This is a particularly big deal onstage. Chances are you haven't heard a live acoustic bass drum at a top-level rock or metal gig for a decade or more. You will have heard a sample, triggered by a piezoelectric pad attached to the drum skin (A "midi trigger"). For many bands, this extends to all the drums, and even the cymbals – Slipknot were amongst the first bands to use an all-electric kit at live gigs and many acts – many of whom have been around a lot longer than them – have followed. Why do they do this?
Because it's more reliable and usually sounds better. A mic'd up drum onstage will be affected by bleed from other drums and instruments, muddying the sound and making the sound guy's job a nightmare, especially in larger venues where he'll need as much clarity as possible to fight the natural reverb of such a large enclosed space. It will also be uncompressed and variable in its attack, which again will create muddiness. Microphones can also be knocked around, drum skins can tear, and heat, cold or water damage can all cause a mic to fail during a gig in a way that a midi trigger won't. Mics also need stands and clips that can block the audience's view, hamper the stage show and can get broken or knocked over by flailing musicians. Anyone who has seen what Joey Jordison gets up to on stage will quickly realise why putting fragile microphones anywhere near him wasn't ever a realistic prospect!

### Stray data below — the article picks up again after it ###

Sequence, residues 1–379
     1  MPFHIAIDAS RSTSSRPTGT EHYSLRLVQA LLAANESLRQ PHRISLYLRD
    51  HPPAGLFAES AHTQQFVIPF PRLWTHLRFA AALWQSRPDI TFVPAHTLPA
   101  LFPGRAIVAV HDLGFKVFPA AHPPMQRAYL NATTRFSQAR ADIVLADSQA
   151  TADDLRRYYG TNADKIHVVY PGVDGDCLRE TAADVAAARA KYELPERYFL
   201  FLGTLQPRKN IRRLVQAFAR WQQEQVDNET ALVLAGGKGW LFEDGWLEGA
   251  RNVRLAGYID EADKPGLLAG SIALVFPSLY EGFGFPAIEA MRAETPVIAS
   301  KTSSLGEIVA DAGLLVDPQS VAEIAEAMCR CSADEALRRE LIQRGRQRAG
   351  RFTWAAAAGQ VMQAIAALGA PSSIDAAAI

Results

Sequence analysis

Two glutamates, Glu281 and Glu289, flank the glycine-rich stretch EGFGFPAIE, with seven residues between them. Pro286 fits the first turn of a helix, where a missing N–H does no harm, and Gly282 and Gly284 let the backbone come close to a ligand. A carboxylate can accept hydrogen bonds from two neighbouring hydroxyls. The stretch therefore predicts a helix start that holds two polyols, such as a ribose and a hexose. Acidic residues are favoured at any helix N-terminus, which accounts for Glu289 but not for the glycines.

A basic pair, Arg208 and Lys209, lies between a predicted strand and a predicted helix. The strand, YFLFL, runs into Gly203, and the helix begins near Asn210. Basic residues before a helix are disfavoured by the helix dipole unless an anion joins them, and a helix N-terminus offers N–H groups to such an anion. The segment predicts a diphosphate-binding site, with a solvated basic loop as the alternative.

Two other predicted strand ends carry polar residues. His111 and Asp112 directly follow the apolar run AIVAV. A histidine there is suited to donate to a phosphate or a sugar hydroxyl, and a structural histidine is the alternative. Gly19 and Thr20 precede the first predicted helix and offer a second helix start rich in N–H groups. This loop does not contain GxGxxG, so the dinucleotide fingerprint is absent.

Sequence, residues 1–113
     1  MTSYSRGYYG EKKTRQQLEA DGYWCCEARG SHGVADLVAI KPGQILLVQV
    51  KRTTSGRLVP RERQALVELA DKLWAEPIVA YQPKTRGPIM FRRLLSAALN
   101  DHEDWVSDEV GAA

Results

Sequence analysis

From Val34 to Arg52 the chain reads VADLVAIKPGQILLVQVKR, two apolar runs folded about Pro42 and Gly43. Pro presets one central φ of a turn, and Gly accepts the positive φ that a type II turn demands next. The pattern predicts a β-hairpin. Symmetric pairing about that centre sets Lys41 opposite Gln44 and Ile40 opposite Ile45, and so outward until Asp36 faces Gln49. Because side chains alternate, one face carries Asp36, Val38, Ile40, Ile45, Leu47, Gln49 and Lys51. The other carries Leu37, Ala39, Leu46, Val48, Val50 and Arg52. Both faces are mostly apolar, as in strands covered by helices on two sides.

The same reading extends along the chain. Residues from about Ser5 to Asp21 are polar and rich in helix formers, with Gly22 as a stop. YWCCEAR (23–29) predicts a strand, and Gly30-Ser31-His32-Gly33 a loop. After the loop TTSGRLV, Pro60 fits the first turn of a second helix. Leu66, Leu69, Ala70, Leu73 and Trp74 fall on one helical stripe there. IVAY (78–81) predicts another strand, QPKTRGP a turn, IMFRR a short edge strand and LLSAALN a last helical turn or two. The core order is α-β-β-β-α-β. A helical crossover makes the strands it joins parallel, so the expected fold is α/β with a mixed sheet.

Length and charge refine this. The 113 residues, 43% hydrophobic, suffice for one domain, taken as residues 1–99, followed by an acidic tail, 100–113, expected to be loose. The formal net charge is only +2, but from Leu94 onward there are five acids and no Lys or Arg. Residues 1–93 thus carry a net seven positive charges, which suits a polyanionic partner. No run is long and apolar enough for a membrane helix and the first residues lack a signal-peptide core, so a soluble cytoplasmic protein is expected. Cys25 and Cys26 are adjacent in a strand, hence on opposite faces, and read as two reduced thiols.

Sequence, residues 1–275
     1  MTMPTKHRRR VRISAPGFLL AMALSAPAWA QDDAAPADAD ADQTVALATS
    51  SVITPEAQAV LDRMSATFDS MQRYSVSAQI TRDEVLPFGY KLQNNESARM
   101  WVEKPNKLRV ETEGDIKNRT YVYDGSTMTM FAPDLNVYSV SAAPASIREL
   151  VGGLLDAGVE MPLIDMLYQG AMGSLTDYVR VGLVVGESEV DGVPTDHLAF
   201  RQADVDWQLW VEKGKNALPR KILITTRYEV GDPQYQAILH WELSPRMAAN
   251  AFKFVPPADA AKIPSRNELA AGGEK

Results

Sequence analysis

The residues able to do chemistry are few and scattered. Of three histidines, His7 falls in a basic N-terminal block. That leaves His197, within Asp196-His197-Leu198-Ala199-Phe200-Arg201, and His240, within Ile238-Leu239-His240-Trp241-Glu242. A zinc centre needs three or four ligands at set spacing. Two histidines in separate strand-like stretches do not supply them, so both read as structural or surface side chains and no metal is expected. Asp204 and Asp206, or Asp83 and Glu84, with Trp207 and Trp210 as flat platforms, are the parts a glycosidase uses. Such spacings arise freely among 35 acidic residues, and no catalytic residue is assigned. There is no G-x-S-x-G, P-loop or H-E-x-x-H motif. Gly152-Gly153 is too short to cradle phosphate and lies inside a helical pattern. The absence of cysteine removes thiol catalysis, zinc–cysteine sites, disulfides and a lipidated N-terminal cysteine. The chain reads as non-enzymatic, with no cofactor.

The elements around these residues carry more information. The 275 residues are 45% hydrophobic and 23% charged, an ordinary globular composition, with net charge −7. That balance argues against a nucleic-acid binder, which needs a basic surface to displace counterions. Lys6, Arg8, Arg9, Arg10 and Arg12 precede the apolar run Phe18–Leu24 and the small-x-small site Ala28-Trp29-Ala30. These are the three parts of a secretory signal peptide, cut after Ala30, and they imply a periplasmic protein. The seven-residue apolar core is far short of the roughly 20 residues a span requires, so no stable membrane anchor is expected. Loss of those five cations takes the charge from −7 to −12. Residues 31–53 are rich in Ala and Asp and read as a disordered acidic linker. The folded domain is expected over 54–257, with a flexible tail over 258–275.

3. You can correct your errors.
Going back to recording, if you spend a day in a studio recording drums, then find one mis-timed hit, what can you do? Editing drum tracks, that have multiple mic feeds and bleed from one mic into another, is an absolute nightmare and some mistakes simply cannot be corrected in the edit. With midi, it's a simple matter of moving a midi note until everything sounds great. If you recorded on a midi kit, you don't have to quantise everything; if you use your ears you can fix timing errors without having things sound robotic.